There is growing evidence that saphenous surgery improves the quality of life in patients with VVs, and augments the healing and reduces the recurrence of CVU better than compression alone (Dwerryhouse et al., 1999). For optimal results, it is necessary to define the extent and severity of venous disease, usually by means of DU, prior to surgery. Surgery for CVU

Other Filariasis

Most cases are asymptomatic, without the presence of microfilariae. Acutely there can be adenitis, centrifugal lymphangitis and recurrent fever. Lymphangitis of the genitals is not uncommon. The disease is generally recurrent. Chronic disease is characterized by adenolymphoceles, varicose veins, lymphedema and elephantiasis.

Clinical Evaluation

In addition to the multisession embolosclerotherapy as independent and or adjunct perioperative therapy to the VM lesions, the conservative supportive measures to improve and or maintain overall venous function have been supplemented with the use of a graded compression above-knee stocking to prevent chronic venous insufficiency.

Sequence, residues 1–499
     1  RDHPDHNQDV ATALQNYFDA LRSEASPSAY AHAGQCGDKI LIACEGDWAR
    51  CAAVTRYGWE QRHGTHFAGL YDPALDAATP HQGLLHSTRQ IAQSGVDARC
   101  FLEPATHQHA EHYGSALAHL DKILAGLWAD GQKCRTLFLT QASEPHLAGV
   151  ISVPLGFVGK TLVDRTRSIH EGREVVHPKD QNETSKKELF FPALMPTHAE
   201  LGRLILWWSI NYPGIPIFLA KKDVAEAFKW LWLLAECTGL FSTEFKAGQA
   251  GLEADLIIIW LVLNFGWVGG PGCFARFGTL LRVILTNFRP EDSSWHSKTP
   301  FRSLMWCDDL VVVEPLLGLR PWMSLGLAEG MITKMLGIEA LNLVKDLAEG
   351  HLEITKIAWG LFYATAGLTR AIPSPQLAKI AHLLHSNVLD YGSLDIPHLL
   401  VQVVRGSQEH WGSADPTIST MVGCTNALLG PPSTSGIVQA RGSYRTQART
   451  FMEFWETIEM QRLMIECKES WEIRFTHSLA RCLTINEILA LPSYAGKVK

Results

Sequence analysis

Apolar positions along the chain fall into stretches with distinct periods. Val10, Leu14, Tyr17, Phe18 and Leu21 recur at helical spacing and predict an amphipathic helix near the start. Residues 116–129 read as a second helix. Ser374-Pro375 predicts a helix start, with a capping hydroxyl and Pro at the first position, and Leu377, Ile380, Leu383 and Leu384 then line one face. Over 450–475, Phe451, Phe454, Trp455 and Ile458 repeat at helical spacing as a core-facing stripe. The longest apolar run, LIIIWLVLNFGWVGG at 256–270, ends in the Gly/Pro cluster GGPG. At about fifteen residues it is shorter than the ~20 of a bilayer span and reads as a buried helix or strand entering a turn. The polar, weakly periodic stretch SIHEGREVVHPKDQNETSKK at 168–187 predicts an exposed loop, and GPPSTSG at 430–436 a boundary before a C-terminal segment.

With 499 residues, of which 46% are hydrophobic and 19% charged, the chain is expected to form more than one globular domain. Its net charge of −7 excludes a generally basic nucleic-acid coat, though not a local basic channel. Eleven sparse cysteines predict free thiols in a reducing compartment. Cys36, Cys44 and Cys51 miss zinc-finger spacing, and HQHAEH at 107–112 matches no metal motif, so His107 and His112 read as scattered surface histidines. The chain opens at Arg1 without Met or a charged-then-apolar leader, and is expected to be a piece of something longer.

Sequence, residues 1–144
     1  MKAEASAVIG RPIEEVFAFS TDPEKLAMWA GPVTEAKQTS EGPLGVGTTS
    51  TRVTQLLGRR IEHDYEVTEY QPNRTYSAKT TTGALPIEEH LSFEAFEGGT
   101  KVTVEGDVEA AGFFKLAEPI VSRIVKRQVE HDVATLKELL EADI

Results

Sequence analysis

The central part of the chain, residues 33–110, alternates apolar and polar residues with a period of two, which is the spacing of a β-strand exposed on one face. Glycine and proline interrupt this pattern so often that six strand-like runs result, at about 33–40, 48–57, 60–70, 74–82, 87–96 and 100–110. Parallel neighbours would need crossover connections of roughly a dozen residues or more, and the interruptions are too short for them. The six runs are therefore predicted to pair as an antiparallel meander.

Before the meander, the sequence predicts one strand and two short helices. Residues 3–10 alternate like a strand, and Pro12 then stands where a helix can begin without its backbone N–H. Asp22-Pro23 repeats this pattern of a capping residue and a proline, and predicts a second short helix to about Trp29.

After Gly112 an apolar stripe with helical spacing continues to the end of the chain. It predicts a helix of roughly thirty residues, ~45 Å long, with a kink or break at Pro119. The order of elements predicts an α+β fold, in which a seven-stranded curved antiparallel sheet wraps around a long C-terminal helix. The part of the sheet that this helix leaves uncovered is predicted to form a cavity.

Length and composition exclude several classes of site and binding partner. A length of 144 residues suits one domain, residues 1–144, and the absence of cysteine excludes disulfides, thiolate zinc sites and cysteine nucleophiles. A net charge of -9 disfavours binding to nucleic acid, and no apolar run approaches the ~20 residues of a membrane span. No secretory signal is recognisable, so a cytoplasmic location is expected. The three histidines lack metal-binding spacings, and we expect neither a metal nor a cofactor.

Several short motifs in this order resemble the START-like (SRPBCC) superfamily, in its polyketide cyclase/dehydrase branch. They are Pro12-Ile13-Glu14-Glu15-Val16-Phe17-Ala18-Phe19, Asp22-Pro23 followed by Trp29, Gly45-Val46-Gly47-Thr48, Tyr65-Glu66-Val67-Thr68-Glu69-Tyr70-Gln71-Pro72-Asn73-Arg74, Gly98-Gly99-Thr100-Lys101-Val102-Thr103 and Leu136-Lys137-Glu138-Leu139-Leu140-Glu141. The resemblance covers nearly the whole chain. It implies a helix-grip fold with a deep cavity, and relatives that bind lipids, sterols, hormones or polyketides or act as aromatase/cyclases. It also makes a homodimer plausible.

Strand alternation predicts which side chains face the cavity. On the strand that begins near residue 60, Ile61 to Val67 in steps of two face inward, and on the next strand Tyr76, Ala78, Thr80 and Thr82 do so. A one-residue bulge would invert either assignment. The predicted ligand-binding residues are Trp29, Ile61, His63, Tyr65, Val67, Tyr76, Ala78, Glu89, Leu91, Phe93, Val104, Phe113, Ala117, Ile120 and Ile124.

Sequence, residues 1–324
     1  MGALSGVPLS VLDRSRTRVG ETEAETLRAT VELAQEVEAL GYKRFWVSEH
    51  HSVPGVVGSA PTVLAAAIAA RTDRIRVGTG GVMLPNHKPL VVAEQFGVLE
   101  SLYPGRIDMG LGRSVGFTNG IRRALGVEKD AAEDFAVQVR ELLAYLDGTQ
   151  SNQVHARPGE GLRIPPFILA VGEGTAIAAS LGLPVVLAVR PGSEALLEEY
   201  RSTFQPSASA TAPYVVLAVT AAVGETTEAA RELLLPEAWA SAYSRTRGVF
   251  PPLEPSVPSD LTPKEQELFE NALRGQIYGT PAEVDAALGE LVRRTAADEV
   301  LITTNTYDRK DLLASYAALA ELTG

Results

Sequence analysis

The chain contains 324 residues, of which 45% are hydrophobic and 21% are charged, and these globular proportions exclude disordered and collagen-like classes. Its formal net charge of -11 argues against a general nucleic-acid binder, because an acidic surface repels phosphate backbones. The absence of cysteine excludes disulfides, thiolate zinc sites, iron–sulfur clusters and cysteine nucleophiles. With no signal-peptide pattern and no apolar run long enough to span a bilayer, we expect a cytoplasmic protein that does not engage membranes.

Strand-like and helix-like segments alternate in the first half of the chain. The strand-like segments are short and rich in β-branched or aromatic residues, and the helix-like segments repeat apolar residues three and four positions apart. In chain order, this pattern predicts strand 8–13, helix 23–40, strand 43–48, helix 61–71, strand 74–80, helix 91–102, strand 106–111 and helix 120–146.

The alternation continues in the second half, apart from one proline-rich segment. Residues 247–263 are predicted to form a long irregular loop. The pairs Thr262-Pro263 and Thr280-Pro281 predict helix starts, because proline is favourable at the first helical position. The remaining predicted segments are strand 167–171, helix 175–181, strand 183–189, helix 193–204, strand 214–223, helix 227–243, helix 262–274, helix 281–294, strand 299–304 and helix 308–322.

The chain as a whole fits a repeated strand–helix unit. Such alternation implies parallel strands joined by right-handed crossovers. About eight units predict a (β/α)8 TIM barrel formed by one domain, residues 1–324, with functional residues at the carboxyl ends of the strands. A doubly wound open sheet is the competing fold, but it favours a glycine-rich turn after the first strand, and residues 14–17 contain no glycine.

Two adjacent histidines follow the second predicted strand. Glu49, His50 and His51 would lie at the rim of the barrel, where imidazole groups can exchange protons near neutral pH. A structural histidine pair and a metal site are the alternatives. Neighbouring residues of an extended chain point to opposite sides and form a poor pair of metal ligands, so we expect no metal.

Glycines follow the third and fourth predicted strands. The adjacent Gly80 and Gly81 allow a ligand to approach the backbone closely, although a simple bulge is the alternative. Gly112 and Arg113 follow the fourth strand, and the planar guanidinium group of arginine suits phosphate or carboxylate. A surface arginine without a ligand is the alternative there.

Primary Lymphedema

CHRONIC VENOUS INSUFFICIENCY,VARICOSE VEINS, LYMPHEDEMA, AND ARTERIOVENOUS FISTULAS Table 10.5. Lymphangiographie classification of primary lymphedema CHRONIC VENOUS INSUFFICIENCY,VARICOSE VEINS, LYMPHEDEMA, AND ARTERIOVENOUS FISTULAS Table 10.5. Lymphangiographie classification of primary lymphedema

Jean Louis Petit

The pioneer of vascular surgery in Russia was N. I. Pirogov who, in 1865, developed surgical approaches to the aorta and peripheral arteries, arguing against the dogmatic views that a vascular suture was not promising. P. Girsztowt of Warsaw recommended in 1868 the excision of the large varicose veins. Eugene Koeberle, a surgeon in Strasburg, invented a simple haemostatic clamp and applied it in surgery in 1868. It was the first operation actually ushering in our present technique of clamping and tying, which was carried out and popularized by J. Pean with a clamp he invented in 1869 38 . N. V. Ekk, an outstanding Russian surgeon and physiologist in Pavlov's laboratory in St. Petersburg, performed in Friedrich Trendelenburg, in Leipzig Germany, introduced an operation for varicose veins and in 1907 attempted a pulmonary embolectomy however, he saw his pupil W. Kirchner perform a successful embolectomy in 1924, which was popularized later by many surgeons in Europe and the USA 40 . I...

Clinical Assessment